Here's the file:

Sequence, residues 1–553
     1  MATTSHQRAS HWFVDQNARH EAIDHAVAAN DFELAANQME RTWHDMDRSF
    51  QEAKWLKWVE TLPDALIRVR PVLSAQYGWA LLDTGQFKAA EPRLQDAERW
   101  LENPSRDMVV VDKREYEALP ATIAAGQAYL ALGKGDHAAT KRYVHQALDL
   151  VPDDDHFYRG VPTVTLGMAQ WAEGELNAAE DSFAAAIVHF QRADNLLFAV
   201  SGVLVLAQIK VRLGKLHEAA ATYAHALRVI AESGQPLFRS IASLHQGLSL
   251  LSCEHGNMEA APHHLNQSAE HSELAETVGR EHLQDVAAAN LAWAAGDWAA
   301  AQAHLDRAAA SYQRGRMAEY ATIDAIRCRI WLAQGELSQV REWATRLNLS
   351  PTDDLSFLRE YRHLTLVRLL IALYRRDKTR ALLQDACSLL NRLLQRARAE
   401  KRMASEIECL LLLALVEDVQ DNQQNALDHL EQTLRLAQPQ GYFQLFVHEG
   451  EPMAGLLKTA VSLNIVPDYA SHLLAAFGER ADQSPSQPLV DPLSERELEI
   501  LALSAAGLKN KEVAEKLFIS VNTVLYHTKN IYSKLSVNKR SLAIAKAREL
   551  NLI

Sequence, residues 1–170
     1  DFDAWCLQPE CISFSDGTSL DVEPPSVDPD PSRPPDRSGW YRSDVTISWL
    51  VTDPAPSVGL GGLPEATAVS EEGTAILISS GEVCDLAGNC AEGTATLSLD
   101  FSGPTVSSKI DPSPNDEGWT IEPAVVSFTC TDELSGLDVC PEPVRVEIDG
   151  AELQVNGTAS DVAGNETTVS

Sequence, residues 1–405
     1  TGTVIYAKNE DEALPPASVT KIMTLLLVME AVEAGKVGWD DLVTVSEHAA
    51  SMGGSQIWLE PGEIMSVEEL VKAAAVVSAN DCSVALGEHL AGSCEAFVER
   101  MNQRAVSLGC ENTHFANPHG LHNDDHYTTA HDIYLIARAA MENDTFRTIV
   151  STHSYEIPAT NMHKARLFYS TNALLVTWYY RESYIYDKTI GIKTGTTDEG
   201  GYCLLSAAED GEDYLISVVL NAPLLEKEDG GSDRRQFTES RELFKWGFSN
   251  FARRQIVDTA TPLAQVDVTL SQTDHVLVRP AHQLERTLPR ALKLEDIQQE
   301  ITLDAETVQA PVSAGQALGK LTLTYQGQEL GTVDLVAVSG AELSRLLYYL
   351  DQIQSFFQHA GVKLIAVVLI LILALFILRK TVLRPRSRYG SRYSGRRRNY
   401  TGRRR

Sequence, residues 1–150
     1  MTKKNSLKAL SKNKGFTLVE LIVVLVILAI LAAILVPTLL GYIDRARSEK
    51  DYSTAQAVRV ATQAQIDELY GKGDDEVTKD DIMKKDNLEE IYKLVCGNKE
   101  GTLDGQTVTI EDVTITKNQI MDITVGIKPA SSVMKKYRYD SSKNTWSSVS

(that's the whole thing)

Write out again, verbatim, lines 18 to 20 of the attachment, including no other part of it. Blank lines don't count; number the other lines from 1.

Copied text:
   151  AELQVNGTAS DVAGNETTVS

Sequence, residues 1–405
     1  TGTVIYAKNE DEALPPASVT KIMTLLLVME AVEAGKVGWD DLVTVSEHAA